Meanwhile, Michigan Attorney General Mike Cox and Gov. Jennifer Granholm traded fire over coal plant regulation in the state.
An appeals board from the Environmental Protection Agency told the state it must reconsider a state air permit granted in April for a proposed power plant at Northern Michigan University in Marquette.
The feds told the state Department of Environmental Quality that it must consider regulating carbon dioxide and other greenhouse gases and listed several other deficiencies in the permit.
The NMU plant was the only one of eight proposed coal plants in Michigan to make it through the permitting process, and the first new coal plant to get an air permit in Michigan in 20 years.
The ruling clouds prospects for the remaining seven proposed plants, including one for Lansing. Three of Michigan’s proposed plants have permits pending, and the rest, including Lansing’s, have not yet applied.
George Stojic, executive director of strategic planning and development at the Lansing Board of Water and Light, said the BWL is studying the matter.
“It appears that this decision adds uncertainty to the air permit process, and we’re very interested to learn how the DEQ addresses the remand issues,” Stojic said.
Bob McCann, spokesman for the DEQ, said the EPA ruling directs the state to defer to the feds on the question of whether greenhouse gases will be regulated.
“We agree with that,” McCann said. “We’ve been saying for the last year or so that we’re looking for some guidance on this issue.”
That guidance may come soon. The Wall Street Journal reported Monday that Carol Browner, special adviser to the president on climate change and energy, plans to follow up on a 2007 Supreme Court ruling requiring the EPA to determine whether carbon dioxide endangers public health or welfare. Carbon dioxide is the leading cause of climate change.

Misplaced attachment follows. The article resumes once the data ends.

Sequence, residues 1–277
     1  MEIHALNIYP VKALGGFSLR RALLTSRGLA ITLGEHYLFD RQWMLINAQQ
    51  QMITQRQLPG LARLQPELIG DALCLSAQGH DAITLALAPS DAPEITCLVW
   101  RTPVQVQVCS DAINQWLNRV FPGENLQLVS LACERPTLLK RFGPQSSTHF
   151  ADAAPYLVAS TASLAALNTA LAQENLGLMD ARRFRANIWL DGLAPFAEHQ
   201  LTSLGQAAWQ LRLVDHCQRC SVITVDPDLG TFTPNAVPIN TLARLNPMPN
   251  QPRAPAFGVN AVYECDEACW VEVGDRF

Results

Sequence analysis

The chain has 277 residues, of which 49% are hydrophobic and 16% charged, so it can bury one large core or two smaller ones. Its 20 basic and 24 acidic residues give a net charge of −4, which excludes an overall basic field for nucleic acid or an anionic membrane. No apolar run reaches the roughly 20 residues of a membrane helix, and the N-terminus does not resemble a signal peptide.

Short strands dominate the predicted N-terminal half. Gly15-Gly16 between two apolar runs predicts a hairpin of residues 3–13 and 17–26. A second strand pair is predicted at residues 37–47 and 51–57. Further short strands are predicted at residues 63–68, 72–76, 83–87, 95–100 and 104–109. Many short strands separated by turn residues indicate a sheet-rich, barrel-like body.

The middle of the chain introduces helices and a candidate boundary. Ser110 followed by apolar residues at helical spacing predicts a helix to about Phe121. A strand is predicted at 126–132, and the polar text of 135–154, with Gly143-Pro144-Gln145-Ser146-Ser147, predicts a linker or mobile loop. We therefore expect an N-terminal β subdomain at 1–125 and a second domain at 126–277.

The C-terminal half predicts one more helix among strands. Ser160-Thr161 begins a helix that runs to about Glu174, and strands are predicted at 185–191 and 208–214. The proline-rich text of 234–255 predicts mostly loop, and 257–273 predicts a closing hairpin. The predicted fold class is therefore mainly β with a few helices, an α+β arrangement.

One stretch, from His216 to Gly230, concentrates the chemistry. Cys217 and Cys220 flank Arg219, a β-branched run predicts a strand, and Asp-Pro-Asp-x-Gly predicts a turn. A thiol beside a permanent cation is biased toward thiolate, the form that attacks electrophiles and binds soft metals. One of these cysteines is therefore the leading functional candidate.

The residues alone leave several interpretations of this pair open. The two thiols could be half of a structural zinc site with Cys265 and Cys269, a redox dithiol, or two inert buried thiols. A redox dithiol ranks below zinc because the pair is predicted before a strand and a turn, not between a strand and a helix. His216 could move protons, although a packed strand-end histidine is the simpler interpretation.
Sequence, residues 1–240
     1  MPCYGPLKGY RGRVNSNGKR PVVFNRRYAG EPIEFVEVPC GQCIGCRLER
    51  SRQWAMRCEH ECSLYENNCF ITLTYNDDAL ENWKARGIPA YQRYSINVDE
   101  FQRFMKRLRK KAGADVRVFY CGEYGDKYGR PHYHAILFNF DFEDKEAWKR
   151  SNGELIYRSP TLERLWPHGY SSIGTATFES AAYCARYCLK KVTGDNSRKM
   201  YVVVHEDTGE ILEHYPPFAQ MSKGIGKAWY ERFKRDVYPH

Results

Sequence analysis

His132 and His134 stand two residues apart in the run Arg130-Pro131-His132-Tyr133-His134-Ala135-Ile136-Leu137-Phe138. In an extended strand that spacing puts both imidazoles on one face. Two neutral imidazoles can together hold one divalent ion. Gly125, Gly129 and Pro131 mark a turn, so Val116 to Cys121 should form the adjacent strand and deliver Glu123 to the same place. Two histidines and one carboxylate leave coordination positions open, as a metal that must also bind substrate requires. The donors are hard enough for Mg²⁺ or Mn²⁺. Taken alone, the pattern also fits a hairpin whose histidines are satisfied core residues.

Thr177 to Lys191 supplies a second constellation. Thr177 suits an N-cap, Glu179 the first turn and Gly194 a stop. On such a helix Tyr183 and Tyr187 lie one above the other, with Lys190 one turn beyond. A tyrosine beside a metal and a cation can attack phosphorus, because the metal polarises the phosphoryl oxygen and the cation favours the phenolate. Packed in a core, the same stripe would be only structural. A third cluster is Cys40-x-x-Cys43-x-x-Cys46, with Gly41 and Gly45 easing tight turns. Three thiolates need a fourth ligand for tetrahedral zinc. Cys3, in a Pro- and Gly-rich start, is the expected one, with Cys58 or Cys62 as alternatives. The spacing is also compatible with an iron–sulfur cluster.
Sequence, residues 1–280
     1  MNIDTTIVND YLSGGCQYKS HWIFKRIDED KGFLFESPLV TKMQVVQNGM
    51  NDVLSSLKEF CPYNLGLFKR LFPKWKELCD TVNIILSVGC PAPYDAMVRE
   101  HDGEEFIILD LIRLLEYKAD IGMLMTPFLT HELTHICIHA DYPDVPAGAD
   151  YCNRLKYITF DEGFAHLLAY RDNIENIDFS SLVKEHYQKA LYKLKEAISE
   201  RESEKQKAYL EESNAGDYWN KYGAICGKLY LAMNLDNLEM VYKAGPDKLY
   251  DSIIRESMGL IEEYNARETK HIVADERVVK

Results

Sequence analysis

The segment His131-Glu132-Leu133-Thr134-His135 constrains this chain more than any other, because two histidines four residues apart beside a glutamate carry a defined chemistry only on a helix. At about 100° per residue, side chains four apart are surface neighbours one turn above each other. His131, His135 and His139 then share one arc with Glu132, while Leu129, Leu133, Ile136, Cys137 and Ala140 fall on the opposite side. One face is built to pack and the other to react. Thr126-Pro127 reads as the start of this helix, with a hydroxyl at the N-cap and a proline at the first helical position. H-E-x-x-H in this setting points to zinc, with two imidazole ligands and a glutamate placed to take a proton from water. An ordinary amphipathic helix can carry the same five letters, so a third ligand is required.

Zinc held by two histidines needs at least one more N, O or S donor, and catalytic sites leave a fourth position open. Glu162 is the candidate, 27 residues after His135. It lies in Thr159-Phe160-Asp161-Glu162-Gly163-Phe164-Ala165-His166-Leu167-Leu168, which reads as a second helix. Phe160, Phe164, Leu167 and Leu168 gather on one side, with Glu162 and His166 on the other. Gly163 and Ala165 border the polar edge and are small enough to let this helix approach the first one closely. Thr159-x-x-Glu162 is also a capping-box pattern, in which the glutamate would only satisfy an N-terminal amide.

Browner said the agency “will make an endangerment finding,” according to the newspaper.
EPA administrator Lisa Jackson has already said she would reconsider a Bushera finding that carbon dioxide is not subject to regulation.
McCann said any new permit, in Marquette or anywhere, would have to withstand scrutiny by the EPA, so Michigan will wait and see what happens.
“We can issue another permit, but if it just gets challenged and sent back to us again, we won’t get anywhere,” McCann said.
Observers expect the federal ruling to come April 2, the anniversary of the Supreme Court decision.
Meanwhile, two days after the ruling on the Marquette plant, Cox said Granholm overstepped her legal authority when she ordered state regulators to deny permits for new coal-fired plants if there were “reasonable and prudent alternatives.”
“Governors can sign bills into law, but they cannot write them,” Cox said.
Cox’s 19-page opinion, issued Feb. 20, was immediately assaulted on a variety of legal grounds. Cox is expected to run for governor this year.
Noah Hall, a Wayne State University law professor and specialist in Great Lakes environmental law, wrote in a blog that Granholm is “well within her discretion to order the MDEQ to consider those alternatives pursuant to the federal Clean Air Act.”
Anne Woiwode, Michigan director of the Sierra Club, said Cox’s challenge contradicts federal and state law, along with recent EPA rulings such as the one that sent the permit for the Marquette plant back to the drawing board.
“I don’t think [Cox’s opinion] is going to hold up very long,” Woiwode said. “He seems to have taken a political stance, not one that’s based on the law.”